To buy or not to buy? The biannual textbook dilemma
Every semester, students like business major Connor Dietz must make two major decisions: whether to buy textbooks, and where to buy them from.
There are three book retailers on campus: Barnes & Noble, BookHolders and Virginia Book Company. Prices vary at each store. For Example, “What is Life? A Guide to Biology,” by Jay Phelan is used in Biology 101 classes. A used version of the book costs $106 at Barnes and Noble, $76 at BookHolders and $70 at Virginia Book Company.
Textbook competition also extends to the internet, where Dietz said he often finds his books.
“I rent all my books from chegg.com, an online book retailer, unless a book I need is custom for VCU. Then, I have to buy it from Barnes & Noble,” he said.
The custom books that Dietz mentioned are books that are used exclusively at VCU. Ernest Mooney, owner of Virginia Book Company, said those books tend to be the most expensive.
“There are two types of textbooks, custom packages that are just used at VCU, and universal books that are used everywhere. For example, a biology book used across the country is going to be less expensive to sell and bought back for more money because it can be used on this campus or any other,” Mooney said. “Books used just at VCU can be risky to buy back.”
Both Barnes & Noble and BookHolders did not return requests for comment on pricing policies.
The availability of cheap, used textbooks on websites like Amazon has caused Mooney to tweak how Virginia Book Company prices its books.
“We used to have a formula where all books were marked up a set price … Now, because of risk factors, we have no formula. We just look at what the place up the street is charging and make sure we are charging lower,” Mooney said.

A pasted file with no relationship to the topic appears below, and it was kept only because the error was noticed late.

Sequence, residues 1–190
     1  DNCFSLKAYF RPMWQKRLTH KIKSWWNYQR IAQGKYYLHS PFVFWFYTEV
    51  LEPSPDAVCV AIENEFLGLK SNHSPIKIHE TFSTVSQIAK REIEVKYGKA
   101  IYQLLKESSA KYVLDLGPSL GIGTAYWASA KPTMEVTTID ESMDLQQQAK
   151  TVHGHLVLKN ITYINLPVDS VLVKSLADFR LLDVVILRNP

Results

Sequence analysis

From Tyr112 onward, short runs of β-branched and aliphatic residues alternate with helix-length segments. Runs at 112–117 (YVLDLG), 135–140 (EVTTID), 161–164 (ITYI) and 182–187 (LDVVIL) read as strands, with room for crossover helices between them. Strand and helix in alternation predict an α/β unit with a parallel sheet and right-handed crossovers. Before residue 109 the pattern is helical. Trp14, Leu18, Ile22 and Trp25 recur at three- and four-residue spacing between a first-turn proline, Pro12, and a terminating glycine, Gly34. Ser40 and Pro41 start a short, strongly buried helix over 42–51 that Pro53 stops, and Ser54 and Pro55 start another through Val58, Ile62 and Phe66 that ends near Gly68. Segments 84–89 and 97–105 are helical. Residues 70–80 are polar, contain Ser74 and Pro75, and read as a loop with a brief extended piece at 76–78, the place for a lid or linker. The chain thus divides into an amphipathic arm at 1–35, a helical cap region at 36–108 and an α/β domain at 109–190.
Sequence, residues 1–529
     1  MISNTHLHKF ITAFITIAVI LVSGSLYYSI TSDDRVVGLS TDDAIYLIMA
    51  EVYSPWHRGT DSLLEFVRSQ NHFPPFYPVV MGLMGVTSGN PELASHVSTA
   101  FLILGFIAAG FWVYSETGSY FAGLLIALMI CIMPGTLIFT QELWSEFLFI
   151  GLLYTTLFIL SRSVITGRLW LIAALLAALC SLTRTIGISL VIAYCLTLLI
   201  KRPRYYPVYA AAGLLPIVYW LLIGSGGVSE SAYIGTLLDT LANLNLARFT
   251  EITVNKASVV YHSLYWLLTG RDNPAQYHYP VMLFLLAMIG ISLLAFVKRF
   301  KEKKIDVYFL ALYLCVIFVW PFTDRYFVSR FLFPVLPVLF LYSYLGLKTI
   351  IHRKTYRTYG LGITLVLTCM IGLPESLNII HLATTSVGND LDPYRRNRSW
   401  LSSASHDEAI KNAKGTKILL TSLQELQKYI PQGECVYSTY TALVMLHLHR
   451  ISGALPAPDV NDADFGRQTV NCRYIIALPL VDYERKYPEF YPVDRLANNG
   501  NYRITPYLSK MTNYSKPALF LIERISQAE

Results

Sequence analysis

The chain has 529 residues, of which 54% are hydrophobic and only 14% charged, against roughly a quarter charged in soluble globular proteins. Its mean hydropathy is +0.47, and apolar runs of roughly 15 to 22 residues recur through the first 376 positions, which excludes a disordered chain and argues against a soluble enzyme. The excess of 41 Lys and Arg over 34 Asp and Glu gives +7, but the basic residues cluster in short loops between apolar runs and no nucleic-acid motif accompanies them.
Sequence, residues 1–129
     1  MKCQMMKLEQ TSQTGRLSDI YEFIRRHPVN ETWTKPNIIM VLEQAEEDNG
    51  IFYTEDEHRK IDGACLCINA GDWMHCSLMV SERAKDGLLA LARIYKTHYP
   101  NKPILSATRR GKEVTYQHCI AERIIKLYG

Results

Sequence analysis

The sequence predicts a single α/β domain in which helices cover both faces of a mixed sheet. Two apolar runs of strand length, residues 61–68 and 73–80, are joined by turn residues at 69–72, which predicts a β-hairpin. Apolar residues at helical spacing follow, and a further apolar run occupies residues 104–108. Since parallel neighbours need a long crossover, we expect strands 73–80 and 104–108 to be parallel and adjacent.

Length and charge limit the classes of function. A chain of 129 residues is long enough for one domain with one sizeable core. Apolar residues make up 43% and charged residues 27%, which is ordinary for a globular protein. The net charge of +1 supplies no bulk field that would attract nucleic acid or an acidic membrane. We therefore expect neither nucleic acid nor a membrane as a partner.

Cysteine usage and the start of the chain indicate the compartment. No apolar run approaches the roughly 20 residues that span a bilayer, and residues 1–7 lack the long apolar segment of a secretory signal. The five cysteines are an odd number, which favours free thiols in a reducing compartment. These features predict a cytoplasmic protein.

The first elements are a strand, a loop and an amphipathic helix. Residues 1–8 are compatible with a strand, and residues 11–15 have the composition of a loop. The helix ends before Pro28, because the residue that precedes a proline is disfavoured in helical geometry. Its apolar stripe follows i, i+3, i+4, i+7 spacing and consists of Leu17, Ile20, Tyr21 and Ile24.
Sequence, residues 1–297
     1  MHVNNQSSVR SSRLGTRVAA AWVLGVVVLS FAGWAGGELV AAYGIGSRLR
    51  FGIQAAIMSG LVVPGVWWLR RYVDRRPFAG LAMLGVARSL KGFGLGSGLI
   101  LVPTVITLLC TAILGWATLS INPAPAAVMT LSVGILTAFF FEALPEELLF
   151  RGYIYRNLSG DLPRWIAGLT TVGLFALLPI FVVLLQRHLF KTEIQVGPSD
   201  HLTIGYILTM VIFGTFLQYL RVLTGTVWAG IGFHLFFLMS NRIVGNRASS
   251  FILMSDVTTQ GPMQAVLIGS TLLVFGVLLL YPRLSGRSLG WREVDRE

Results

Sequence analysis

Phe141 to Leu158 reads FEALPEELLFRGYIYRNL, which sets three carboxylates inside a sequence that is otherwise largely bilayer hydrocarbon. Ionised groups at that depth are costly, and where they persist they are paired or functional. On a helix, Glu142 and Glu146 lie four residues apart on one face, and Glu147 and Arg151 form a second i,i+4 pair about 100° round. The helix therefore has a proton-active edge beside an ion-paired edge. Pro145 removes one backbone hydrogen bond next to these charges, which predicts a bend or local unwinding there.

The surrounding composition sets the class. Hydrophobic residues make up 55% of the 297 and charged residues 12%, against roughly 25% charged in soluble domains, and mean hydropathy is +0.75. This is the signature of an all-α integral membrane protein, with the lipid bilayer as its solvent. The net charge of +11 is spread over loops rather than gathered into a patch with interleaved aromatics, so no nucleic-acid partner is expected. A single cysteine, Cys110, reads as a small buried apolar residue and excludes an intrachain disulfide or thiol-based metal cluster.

Buying books isn’t the only option. Like other students, Dietz has embraced renting textbooks instead of buying them.
“It is just too risky, I probably won’t be using the books again, so I don’t want to pay full price or even buy used,” he said.
Textbook rentals are something Mooney has tried to embrace in his store.
“We are trying to make every book in the store available for rentals. However, a major problem is a lot of new books are starting to come in with passwords that render them useless after one use. That is making it difficult to buy back books and resell them,” he said.
Some students, like education major Sarah Meir, choose to gamble with textbook purchases on the first few days of classes.
“I usually wait to see if the professor says we are going to use the book for this class. Nothing is worse than buying a textbook and never using it,” she said.
Mooney is aware of this issue, and offers students advice with every purchase.
“With buying or renting books, buying early is the best way to get the best price. Supply and demand affects prices, so if you wait until the last minute, you could end up paying more for a rental or used book,” Mooney said. “We advise students to come in and ask questions. We do our best to get each student the best deal based on their situation.”
Although textbooks can be pricey, Mooney said having three bookstores on campus drives book prices down.
“If you went to a school like William & Mary, you would pay 10 to 20 percent more for a textbook than you would here. The competition allows each place to charge less than a school with just one bookstore,” he said.